Linux Terminal Basics
The Terminal is an interactive, text-based interface for your Operating System. When you type a command, you're basically telling your computer to do something very specific. Many commands will print information to the screen. Some will ask for input, and others may just return you to a prompt.
The quickest way to install, remove or update applications is through the Terminal. The Terminal is also referred to as the shell, command line, prompt, or command prompt.
To open a Terminal, tap the Super Key , to search your computer and type the word Terminal.
A box like the one below will appear:
Navigating The Terminal
It might not look like much, and at first glance there might not appear to be much information, but the Terminal is one of the most powerful tools at your disposal. Take a look:
|Current User||The username of the person currently logged in to this Terminal.|
|Current Host||The hostname of the system currently in use by the Terminal. Unless you've connected to a remote machine via SSH, this will be the same name as your computer.|
|Current Directory||The current folder that this Terminal resides in. Commands entered and files modified are scoped to this folder, unless providing an absolute path to another file or folder, or if the command is available in the user's $PATH. Basically, the Terminal can only see into this folder. A tilde (~) indicates the user's home directory.|
|Prompt||Anything entered after this symbol is interpreted as a command.|
|Typed Command||Anything that is typed into the Terminal is shown after the prompt.|
|Cursor||A visual indicator of the user's current position in the Terminal.|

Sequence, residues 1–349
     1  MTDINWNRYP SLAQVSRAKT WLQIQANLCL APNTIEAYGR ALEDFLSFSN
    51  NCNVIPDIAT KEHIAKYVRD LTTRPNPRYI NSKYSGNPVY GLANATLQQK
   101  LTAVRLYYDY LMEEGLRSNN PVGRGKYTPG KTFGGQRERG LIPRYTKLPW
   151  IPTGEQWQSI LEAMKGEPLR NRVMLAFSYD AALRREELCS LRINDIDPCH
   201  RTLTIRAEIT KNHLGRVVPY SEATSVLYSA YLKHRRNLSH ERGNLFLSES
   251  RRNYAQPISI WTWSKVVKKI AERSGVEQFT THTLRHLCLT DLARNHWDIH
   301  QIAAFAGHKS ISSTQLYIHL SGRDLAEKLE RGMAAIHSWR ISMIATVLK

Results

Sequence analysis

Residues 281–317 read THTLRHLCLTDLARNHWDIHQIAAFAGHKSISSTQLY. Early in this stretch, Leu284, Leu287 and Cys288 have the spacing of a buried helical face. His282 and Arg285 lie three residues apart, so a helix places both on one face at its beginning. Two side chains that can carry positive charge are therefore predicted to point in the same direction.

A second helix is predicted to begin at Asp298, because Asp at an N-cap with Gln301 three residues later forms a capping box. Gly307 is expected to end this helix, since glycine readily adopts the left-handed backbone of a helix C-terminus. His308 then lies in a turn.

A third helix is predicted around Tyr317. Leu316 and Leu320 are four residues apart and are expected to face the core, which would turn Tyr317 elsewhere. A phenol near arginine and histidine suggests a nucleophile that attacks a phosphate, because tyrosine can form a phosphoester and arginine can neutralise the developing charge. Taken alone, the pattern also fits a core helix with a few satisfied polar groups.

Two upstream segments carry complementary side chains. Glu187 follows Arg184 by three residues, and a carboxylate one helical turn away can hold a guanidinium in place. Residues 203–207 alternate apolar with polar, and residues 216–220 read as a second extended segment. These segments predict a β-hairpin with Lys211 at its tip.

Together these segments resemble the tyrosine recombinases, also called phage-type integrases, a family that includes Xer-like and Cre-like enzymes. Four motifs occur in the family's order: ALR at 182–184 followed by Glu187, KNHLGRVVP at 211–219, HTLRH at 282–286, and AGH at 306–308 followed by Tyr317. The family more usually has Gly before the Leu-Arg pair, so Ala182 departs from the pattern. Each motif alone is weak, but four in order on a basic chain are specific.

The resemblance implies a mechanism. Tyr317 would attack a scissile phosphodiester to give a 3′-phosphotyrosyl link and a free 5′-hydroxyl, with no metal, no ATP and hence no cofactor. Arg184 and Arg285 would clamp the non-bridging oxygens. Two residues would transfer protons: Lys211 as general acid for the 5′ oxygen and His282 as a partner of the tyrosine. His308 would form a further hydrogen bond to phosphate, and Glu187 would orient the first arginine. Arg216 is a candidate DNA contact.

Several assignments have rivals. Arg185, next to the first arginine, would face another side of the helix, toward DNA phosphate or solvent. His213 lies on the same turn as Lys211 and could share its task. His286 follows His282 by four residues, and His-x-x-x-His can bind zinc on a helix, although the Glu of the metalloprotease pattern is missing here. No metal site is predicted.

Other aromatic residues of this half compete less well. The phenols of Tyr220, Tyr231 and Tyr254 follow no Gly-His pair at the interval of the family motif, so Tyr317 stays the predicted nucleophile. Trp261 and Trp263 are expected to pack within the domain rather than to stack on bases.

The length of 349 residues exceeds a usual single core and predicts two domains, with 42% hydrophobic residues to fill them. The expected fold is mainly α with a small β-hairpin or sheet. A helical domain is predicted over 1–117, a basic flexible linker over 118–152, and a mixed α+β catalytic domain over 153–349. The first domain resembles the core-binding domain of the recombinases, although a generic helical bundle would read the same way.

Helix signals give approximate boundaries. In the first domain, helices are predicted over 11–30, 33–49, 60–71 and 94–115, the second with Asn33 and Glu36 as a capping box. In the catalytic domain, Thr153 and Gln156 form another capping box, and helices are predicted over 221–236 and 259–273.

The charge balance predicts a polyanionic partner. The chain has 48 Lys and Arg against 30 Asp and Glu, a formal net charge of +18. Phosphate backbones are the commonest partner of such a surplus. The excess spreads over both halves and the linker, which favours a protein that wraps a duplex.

As you change folders and move throughout your computer, the prompt will change in response. In many cases, you won't need to move around to run a command.
To list all files and folders in the current directory, type
ls To change directories (folders), type
cd [directory name]. To go back up a directory type
cd ... At any time, you can press the Tab key to have the Terminal guess the completion for your entry, or twice to show all possibilities.
Running Elevated Commands
In most cases, the Terminal prevents you from damaging your system by requiring authentication or elevated privileges to run certain commands. For example, to check for updates you will need to prepend the command
apt update with
sudo. Below is an example of the same command, ran once without
sudo and once with.
When you run a command with
sudo in front of it, you'll be prompted for your password. When typing your password, you won't see anything. Just enter your password and then press Enter. If it's entered incorrectly, the Terminal will let you know and give you another chance to enter your password.
sudo apt update
This command will tell your system to search for potential updates and advise if there are any available, but this command does not install them.
sudo apt upgrade
This command will download and apply any updates to your System76 computer.
sudo apt full-upgrade
This command will upgrade your packages and installs or remove packages to resolve dependencies so everything is up-to-date.
sudo apt install [application]
This will install a particular application and its dependencies on your computer.
sudo apt purge [application]
This will remove a program and its configuration files from your computer.
sudo apt policy [application]
This will list information about the package. Such as where it is coming from, the version and if an updated version is available.
man command is short for manual. You can type the
man command in front of any command that you want more information about.